Illinois farmers applaud Vietnam resuming U.S. grain imports


The U.S. Department of Agriculture announced that Vietnam will resume imports of American distillers dried grains (DDGS), a coproduct of ethanol production, and that’s welcome news to the Illinois’ ethanol industry.

Sean Broderick with agricultural coop CHS – which has ethanol plants in Annawan and Rochelle, Illinois – applauded the announcement.

“We’re really happy to have a success story like Vietnam,” Broderick said, “especially when we know they can take the amount that they have in the past.”

USDA said before Vietnam’s suspension in December 2016 due to reported pest detection, it was the third largest importer of American DDGS, with exports valued at more than $230 million in 2016.

Broderick said resumption means Illinois should be able to take advantage of its unique location to rivers and Chicago.

“A lot of product goes into the Chicago area,” Broderick said, “where there are a lot of empty containers and those are reloaded with distillers grains and shipped over to basically Asia at a much cheaper rate ... than we can ship to California.”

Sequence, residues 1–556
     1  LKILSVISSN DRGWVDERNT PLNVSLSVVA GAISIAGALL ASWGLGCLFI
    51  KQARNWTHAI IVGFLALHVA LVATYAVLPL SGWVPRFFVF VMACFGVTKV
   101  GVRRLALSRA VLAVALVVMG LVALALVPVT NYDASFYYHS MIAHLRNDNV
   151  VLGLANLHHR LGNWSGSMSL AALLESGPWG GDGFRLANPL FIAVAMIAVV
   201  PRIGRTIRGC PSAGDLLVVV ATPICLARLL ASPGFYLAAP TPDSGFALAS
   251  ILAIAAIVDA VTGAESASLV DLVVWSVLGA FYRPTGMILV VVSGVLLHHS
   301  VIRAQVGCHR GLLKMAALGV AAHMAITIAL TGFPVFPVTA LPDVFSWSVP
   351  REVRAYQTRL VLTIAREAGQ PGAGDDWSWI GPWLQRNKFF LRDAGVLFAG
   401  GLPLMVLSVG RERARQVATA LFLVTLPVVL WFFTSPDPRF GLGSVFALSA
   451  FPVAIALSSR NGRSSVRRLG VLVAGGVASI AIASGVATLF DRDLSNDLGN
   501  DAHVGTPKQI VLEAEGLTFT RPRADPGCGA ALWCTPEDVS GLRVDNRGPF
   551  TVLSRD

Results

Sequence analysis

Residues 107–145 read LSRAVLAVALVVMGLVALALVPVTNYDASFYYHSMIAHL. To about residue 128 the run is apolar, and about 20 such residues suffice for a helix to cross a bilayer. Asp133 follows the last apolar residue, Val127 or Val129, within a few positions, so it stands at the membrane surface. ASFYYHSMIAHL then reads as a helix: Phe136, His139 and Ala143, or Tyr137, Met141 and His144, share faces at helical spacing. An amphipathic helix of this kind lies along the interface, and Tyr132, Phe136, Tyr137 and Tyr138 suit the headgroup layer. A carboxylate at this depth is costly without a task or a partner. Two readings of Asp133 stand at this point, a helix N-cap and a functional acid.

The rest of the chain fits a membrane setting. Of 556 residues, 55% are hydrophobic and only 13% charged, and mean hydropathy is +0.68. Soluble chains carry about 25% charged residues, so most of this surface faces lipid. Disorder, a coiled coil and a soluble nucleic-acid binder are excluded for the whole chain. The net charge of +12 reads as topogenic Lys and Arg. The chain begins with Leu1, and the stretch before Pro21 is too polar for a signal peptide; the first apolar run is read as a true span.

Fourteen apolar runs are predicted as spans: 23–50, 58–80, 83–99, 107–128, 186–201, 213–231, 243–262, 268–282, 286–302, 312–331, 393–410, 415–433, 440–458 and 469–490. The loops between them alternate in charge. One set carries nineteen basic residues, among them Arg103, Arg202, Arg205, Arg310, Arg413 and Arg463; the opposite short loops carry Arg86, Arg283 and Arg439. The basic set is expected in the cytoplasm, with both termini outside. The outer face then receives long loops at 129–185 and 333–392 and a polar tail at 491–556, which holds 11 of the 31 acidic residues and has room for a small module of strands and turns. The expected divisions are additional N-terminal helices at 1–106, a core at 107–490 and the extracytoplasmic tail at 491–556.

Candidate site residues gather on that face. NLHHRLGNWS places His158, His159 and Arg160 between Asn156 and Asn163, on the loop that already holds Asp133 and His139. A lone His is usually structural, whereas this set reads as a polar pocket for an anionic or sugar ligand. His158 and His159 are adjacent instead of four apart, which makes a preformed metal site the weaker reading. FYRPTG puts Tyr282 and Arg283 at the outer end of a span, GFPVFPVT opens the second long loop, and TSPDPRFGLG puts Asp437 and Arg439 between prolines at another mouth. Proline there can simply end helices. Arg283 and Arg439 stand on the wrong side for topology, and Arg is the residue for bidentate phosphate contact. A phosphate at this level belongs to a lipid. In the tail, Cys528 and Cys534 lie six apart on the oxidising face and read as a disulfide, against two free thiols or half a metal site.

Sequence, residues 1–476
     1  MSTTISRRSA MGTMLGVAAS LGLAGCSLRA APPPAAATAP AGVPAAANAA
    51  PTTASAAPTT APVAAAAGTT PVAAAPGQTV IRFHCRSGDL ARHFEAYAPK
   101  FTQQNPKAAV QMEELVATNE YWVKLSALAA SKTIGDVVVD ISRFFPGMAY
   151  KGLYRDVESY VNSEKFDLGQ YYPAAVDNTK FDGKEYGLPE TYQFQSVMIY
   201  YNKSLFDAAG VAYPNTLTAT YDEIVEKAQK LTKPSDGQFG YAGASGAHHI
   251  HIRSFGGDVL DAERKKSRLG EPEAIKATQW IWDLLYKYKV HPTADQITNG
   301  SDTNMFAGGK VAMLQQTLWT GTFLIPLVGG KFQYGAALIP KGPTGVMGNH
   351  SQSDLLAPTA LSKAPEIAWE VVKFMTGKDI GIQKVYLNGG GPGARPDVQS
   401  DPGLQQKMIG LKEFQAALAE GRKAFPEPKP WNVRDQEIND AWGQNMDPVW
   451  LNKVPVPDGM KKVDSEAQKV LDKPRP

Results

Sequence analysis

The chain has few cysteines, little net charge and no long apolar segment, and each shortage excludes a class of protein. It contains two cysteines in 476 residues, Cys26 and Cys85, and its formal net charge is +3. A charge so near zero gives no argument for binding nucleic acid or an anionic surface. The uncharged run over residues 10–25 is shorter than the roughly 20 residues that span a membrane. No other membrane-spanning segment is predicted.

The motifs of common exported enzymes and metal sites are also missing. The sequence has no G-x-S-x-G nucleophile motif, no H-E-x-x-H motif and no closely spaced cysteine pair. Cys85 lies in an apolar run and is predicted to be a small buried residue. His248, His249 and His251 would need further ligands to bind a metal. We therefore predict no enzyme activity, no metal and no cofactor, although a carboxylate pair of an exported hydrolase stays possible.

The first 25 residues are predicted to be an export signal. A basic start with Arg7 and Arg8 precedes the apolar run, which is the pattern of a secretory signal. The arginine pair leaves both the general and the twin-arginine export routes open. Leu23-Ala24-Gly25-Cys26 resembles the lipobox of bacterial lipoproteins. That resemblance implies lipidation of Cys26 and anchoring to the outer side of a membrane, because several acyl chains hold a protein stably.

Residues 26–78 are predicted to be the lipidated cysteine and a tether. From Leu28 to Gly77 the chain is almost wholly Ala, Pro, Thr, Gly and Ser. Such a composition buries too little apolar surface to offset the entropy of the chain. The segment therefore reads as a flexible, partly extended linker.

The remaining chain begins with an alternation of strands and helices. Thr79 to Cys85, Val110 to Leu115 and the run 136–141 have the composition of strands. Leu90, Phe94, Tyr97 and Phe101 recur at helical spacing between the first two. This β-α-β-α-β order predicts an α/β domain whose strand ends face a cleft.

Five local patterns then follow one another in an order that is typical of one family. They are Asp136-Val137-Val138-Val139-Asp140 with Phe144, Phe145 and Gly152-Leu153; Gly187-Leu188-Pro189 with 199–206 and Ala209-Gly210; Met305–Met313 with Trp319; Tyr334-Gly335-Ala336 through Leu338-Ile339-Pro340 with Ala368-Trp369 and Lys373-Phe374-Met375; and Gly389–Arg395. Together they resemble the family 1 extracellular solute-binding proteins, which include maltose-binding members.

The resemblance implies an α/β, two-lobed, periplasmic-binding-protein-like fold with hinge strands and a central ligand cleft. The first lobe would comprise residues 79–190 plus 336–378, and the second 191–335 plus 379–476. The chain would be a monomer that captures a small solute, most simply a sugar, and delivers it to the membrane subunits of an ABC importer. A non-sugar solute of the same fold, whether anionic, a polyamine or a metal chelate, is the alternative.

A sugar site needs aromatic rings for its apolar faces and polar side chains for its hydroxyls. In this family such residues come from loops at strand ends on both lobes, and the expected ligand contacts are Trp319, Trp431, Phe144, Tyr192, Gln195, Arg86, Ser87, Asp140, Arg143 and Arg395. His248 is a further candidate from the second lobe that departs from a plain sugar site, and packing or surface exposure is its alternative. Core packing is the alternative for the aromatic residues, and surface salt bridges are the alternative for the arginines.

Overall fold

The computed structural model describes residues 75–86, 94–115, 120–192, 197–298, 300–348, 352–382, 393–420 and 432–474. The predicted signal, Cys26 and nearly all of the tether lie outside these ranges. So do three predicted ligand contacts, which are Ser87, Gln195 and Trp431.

However, Broderick said there’s going to be some catching up to do, given the decrease of American DDGS exports to China due the Chinese government subsidizing local agriculture.

“We’re still, I would say, suffering the effects of having had Chinese business and then having not,” Broderick said, “so going out and finding other markets like Vietnam or Thailand or Malaysia or the Philipines” is important.

Regardless, Broderick said “anytime you have a good market for the downstream products, it’s a great thing for the initial product.”

USDA said DDGS is used as an ingredient to provide protein and energy in animal feed.

It’s not just dried distillers grains Illinois ethanol producers will be able to again ship to Vietnam. The USDA said wheat and corn exports to the Southeast Asian country will resume as well.

Illinois Wheat Association’s Jim Fraley said the news is encouraging, especially with higher wheat prices.

“It’s all about the quality of the kernel and the crop,” Fraley said, “and we’ve got an excellent one that is coming to the elevators and millers this summer.”

Fraley said there’s still a lot of competition from other Vietnam trade partners like Australia, but the country's growing demand of a western diet is a good trend for Illinois agriculture products.

Illinois Corn Growers’ Business Development Director Dave Loos also said they’re excited about the announcement, especially with Illinois Ethanol plants close to river systems ready to export.


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